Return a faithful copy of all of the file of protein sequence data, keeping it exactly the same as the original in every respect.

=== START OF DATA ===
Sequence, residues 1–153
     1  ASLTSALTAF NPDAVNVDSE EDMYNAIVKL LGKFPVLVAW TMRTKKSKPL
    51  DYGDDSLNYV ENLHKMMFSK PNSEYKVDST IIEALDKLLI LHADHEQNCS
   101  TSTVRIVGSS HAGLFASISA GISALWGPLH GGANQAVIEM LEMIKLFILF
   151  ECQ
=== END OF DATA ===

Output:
Sequence, residues 1–153
     1  ASLTSALTAF NPDAVNVDSE EDMYNAIVKL LGKFPVLVAW TMRTKKSKPL
    51  DYGDDSLNYV ENLHKMMFSK PNSEYKVDST IIEALDKLLI LHADHEQNCS
   101  TSTVRIVGSS HAGLFASISA GISALWGPLH GGANQAVIEM LEMIKLFILF
   151  ECQ